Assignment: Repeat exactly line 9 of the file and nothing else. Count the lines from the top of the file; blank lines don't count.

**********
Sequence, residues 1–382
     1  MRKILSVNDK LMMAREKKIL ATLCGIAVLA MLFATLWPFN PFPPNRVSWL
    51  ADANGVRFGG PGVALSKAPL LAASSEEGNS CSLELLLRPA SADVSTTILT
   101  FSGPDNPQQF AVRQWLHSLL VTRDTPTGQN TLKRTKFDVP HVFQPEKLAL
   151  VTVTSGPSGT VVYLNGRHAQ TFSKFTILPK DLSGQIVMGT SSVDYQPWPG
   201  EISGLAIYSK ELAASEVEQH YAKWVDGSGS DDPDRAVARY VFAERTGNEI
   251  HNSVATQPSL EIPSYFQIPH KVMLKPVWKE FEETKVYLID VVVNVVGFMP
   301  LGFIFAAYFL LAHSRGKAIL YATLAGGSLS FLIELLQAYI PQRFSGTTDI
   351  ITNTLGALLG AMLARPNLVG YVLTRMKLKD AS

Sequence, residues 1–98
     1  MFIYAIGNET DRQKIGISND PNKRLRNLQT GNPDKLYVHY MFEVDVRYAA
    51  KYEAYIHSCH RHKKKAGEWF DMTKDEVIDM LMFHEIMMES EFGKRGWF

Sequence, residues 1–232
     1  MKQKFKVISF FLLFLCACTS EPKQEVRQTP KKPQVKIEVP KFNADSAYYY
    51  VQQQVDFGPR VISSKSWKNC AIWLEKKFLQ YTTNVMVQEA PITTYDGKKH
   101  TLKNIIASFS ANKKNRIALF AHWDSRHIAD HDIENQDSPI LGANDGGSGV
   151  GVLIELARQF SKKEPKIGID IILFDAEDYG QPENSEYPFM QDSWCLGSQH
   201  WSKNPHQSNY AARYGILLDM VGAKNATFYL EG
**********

   351  ITNTLGALLG AMLARPNLVG YVLTRMKLKD AS